“Where Are You Going, Where Have You Been?”
Think about the following questions after you read Joyce Carol Oates’ story, and use them to guide a
more thoughtful second reading of the story.
1. Think about the narrative point of view of this story. How would you describe it?
2. Can you identify any symbols used in the story?
3. How would you describe Connie’s relationship with her mother, sister, and father? What is
“missing” from the family? And why does Connie wish “her mother was dead and she
herself was dead and it was all over?”
4. When Connie and her friend go to the drive-in, Oates writes that they enter with “faces
pleased and expectant as if they were entering a sacred building.” The music they hear there
seems “like music at a church service.” Think about the way Oates is comparing the drive-in
to a church and religious service. Is this a “true religion?” Is it a guide to “the good life?”
Does Connie “believe” in anything other than the movies and what they seem to represent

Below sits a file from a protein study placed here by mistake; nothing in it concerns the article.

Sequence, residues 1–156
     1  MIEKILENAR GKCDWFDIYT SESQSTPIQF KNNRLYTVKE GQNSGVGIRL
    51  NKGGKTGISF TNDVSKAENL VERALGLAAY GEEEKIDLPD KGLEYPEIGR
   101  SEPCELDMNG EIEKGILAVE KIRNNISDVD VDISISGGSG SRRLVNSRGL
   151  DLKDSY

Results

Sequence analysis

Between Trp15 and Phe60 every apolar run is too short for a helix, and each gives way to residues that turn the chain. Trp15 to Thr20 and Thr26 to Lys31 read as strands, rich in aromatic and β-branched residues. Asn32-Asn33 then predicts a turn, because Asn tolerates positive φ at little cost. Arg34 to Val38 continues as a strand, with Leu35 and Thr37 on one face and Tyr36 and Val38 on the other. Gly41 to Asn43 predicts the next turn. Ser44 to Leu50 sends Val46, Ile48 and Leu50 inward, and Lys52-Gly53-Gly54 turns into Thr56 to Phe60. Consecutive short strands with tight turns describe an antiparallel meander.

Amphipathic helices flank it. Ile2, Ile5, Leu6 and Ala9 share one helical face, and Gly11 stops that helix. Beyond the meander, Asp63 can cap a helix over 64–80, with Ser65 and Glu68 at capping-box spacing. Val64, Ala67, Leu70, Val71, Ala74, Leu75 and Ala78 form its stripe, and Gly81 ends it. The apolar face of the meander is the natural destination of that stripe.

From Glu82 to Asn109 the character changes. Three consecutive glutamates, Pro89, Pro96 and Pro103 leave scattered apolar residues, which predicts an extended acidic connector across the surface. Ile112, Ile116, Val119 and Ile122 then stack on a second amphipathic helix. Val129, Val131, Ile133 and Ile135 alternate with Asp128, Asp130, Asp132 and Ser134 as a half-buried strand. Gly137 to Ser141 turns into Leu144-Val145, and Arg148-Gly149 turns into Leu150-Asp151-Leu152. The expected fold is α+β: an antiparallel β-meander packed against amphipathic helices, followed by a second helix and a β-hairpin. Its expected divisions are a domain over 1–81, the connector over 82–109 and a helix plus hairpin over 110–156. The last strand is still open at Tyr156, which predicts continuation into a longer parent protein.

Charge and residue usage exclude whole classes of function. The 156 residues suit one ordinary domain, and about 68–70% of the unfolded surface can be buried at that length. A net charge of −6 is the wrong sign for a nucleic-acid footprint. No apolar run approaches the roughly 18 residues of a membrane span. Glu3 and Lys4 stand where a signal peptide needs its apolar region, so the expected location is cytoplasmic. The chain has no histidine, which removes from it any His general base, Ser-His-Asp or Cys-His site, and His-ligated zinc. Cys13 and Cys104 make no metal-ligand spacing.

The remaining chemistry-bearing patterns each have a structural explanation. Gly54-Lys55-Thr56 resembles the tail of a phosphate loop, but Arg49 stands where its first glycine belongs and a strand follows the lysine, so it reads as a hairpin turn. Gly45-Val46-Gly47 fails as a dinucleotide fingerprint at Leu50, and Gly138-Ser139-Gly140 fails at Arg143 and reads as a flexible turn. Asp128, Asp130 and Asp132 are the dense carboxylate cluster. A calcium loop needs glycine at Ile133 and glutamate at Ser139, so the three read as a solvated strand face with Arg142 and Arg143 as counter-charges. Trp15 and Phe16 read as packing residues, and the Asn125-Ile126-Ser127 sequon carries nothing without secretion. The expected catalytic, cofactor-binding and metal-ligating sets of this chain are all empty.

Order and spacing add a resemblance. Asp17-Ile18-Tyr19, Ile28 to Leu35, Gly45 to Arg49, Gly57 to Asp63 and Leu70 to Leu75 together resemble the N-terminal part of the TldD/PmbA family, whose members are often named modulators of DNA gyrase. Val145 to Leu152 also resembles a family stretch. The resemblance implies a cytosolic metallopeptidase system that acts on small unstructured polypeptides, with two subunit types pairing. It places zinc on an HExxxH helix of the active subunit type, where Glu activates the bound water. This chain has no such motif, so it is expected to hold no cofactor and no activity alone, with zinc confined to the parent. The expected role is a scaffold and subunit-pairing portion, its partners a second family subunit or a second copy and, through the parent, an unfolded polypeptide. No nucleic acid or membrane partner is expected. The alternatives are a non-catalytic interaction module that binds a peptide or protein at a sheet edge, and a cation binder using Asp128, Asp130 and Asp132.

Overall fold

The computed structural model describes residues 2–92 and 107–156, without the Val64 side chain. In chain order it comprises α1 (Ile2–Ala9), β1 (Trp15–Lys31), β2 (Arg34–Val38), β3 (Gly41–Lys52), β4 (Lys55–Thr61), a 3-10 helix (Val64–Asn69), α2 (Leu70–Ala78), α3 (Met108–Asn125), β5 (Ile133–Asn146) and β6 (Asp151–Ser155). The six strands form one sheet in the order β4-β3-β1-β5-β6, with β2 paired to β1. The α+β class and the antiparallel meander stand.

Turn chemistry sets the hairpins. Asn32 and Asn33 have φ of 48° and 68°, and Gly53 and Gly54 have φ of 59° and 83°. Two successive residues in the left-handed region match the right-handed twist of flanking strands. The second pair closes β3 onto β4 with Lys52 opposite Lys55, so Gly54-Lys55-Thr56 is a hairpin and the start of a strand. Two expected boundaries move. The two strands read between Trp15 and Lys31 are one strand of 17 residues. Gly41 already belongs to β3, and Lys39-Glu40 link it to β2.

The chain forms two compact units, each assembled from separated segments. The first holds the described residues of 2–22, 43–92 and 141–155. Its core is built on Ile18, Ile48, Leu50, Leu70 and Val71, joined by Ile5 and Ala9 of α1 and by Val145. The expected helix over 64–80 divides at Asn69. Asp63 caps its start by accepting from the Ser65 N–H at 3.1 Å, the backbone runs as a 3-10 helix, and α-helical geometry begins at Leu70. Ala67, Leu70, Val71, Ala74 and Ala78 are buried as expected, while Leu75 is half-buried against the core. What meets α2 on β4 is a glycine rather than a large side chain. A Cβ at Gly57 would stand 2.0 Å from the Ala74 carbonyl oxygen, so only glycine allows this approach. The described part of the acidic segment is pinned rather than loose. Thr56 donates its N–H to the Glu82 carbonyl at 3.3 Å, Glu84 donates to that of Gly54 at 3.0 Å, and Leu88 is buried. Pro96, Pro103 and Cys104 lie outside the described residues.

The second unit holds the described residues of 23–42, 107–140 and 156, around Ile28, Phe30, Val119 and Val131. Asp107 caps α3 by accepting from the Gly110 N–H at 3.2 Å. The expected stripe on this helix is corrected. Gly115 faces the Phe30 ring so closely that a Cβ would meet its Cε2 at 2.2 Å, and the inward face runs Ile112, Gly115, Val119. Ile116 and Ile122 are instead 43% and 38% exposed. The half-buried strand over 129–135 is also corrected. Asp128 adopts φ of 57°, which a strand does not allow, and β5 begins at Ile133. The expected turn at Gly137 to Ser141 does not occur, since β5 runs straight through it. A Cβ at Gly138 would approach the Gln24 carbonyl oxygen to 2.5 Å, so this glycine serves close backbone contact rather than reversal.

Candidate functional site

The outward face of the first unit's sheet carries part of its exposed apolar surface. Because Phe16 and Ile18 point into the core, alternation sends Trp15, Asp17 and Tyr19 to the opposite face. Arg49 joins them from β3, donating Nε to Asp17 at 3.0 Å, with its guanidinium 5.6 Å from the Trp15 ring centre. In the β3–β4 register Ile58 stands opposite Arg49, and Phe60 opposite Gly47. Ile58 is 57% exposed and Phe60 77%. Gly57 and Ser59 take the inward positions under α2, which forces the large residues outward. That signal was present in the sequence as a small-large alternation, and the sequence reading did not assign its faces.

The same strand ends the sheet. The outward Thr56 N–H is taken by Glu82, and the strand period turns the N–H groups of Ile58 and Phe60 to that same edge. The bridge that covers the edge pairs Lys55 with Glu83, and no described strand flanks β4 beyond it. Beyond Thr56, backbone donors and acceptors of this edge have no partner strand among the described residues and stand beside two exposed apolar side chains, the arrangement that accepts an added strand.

5. This story is laced with allusions or references to folktales and fairy tales. Arnold’s “coach,”
for instance, has a pumpkin on it. He has big teeth (like a big bad wolf, perhaps?); and
Connie herself is nearly asleep when he awakens her (I’m thinking Sleeping Beauty here).
What are such fairy tales about? Is this story a fairy tale too?
6. Does Arnold have supernatural knowledge about Connie, her family, and her friends?
Where does he get his knowledge about the family barbeque?
7. Arnold tells Connie that she will protect her family from harm if she comes with him. How
important is that information in winning her over to his will?
8. Arnold asks Connie, “What else is there for a girl like you but to be sweet and pretty and
give in?” In what sense might this be true?
9. This story is dedicated to Bob Dylan. Why?